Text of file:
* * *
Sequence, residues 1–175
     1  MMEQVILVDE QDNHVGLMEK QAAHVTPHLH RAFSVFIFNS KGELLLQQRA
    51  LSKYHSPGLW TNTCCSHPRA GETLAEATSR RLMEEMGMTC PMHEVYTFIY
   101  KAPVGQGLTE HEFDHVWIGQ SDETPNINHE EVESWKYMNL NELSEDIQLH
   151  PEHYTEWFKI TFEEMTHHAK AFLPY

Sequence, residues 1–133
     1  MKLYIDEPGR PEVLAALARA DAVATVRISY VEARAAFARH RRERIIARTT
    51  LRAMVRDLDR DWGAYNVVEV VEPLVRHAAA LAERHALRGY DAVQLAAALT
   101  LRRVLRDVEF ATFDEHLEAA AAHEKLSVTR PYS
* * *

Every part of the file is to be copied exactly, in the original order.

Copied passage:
Sequence, residues 1–175
     1  MMEQVILVDE QDNHVGLMEK QAAHVTPHLH RAFSVFIFNS KGELLLQQRA
    51  LSKYHSPGLW TNTCCSHPRA GETLAEATSR RLMEEMGMTC PMHEVYTFIY
   101  KAPVGQGLTE HEFDHVWIGQ SDETPNINHE EVESWKYMNL NELSEDIQLH
   151  PEHYTEWFKI TFEEMTHHAK AFLPY

Sequence, residues 1–133
     1  MKLYIDEPGR PEVLAALARA DAVATVRISY VEARAAFARH RRERIIARTT
    51  LRAMVRDLDR DWGAYNVVEV VEPLVRHAAA LAERHALRGY DAVQLAAALT
   101  LRRVLRDVEF ATFDEHLEAA AAHEKLSVTR PYS